At the outbreak of war with Britain, there were a half-million Africans resident in the thirteen colonies – and only one-tenth were not enslaved. Most became involved in the conflict, directly or indirectly, though the reasons for this were diverse and complex. In some cases their participation was voluntary: they were inspired by the words of Jefferson’s Declaration of Independence and the grand talk of liberty, freely offering their services in the faint believe it might bring about their own liberation. Some were released by their white masters on the proviso that they would take up arms against the British (four of the militia at the Battle of Lexington were newly-released black slaves). Some Africans were forced into enlistment by their masters, who had either enlisted themselves or offered to send a slave in their place.
Washington, himself a significant slave-owner, had strong misgivings about having black soldiers in his army. Africans were forbidden from enlisting throughout 1775, though they continued to be used in support and labouring roles. However a pressing need for men prompted Washington to change his mind in January 1776. More than 5,000 Africans would eventually join the Continental Army, some serving in blacks-only regiments but most fighting alongside white soldiers – the first racially integrated American army and the last until the Korean War. Since Africans in the regular army and the civilian militias were promised their freedom, the war would dramatically increase the numbers of free blacks nationwide (from about 25,000 in 1775 to 60,000 in the 1780s) though almost all of these were resident in the northern states. Since the British also promised freedom for any African who took up the cause, thousands of slaves – particularly those in the south – escaped to fight alongside the ‘redcoats’ or join Loyalist units.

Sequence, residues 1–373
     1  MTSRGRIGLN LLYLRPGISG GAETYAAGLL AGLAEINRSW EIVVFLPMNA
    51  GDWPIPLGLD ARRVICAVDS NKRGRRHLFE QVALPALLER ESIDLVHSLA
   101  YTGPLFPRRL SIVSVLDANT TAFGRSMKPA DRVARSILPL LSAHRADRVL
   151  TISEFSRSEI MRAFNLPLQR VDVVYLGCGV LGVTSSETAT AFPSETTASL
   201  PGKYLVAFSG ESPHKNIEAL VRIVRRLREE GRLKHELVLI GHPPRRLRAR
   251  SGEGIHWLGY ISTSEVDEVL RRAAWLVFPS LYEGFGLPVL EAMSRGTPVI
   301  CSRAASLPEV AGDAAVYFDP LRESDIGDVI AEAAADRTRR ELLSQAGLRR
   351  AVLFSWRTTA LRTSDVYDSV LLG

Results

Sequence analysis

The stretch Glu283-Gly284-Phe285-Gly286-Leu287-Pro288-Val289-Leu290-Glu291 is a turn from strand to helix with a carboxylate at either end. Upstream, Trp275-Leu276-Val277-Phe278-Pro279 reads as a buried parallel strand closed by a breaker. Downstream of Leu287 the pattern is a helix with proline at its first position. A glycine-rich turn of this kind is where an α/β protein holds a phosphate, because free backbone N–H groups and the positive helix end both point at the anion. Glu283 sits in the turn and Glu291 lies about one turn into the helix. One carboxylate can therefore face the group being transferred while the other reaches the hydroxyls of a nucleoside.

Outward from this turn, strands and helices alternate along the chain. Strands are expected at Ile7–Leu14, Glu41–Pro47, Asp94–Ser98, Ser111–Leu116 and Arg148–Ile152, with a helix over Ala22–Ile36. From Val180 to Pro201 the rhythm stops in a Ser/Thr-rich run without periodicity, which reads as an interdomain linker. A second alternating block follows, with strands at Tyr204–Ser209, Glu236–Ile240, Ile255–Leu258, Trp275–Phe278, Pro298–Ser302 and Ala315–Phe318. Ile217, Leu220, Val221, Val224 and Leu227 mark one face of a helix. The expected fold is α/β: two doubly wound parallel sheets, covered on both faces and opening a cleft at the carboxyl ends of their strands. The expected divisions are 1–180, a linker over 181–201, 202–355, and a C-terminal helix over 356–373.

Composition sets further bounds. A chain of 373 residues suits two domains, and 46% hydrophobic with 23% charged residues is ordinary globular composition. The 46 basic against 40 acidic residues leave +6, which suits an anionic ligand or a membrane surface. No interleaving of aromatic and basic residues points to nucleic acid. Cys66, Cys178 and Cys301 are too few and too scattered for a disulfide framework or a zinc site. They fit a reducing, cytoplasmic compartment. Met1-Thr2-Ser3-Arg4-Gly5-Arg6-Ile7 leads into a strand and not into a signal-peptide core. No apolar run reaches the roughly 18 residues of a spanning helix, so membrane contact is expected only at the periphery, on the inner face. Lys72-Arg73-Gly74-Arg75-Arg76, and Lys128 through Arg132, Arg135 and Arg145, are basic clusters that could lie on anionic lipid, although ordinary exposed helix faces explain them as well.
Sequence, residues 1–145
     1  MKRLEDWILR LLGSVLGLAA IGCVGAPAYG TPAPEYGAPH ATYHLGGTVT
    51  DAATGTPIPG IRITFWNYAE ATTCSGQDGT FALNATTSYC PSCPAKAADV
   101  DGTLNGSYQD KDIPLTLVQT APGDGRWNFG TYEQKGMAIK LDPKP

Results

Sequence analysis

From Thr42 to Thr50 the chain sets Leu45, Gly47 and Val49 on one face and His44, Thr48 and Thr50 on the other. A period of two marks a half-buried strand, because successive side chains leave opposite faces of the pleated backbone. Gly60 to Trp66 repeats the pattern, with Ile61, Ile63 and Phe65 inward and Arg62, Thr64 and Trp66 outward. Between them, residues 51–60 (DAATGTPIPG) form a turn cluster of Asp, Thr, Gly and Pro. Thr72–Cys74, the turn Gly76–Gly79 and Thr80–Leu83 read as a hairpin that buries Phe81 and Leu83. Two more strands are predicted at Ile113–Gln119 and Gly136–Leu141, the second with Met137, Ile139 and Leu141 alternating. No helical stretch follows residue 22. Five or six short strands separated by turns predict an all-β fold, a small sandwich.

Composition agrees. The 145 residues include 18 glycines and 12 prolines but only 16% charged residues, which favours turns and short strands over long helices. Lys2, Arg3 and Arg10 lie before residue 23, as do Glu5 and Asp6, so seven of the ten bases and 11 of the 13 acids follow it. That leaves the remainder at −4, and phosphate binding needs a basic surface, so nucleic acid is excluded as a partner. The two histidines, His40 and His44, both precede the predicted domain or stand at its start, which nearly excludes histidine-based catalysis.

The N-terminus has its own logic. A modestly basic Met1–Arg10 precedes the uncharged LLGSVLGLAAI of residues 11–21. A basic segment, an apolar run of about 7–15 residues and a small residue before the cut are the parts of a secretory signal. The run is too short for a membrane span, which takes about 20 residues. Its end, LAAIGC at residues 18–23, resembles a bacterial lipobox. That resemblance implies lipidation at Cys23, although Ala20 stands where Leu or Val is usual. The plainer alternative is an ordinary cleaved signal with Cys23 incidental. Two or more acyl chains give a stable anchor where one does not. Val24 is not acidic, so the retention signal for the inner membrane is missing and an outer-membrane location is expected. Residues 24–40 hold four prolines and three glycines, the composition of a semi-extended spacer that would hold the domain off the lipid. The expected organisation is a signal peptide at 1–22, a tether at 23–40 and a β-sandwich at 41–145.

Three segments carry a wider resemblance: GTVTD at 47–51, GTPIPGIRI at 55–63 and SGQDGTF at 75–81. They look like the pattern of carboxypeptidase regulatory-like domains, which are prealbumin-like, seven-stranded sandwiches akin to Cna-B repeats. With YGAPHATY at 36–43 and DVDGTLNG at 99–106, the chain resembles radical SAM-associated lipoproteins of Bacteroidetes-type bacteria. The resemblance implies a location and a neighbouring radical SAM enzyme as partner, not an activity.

Philip D. Morgan, historian
The role of native Americans during the war was less clear. As a general rule, most native groups supported the British because the Proclamation of 1763 and the Quebec Act of 1774 had offered some semblance of native title. An American victory would undoubtedly mean westward expansion from the thirteen colonies and further conflict. However the Iroquois Confederacy – a league or alliance of six different native tribes – could not form a consensus on which side to support, causing a split. The Cherokee tribe also divided into pro- and anti-American factions. More than 2,000 Iroquois warriors fought eagerly with the British, conducting damaging raids on American settlements in the north-east. In 1779 Washington, unable to protect the frontier and fed up with the Iroquois, ordered a scorched earth policy against them, issuing the following orders to General John Sullivan:
The Expedition you are appointed to command is to be directed against the hostile tribes of the Six Nations of Indians, with their associates and adherents. The immediate objects are the total destruction and devastation of their settlements, and the capture of as many prisoners of every age and sex as possible. It will be essential to ruin their crops now in the ground and prevent their planting more.
The so-called Sullivan Expedition wiped out approximately 40 Iroquois villages, killing or driving off the population, destroying buildings, burning crops and orchards. The natives gave Washington the title ‘Caunotaucarius’, meaning ‘destroyer of towns’ – however the general himself considered the expedition to be unsuccessful and Sullivan later resigned his commission. The Iroquois did continue their raids on American positions, however they became less frequent.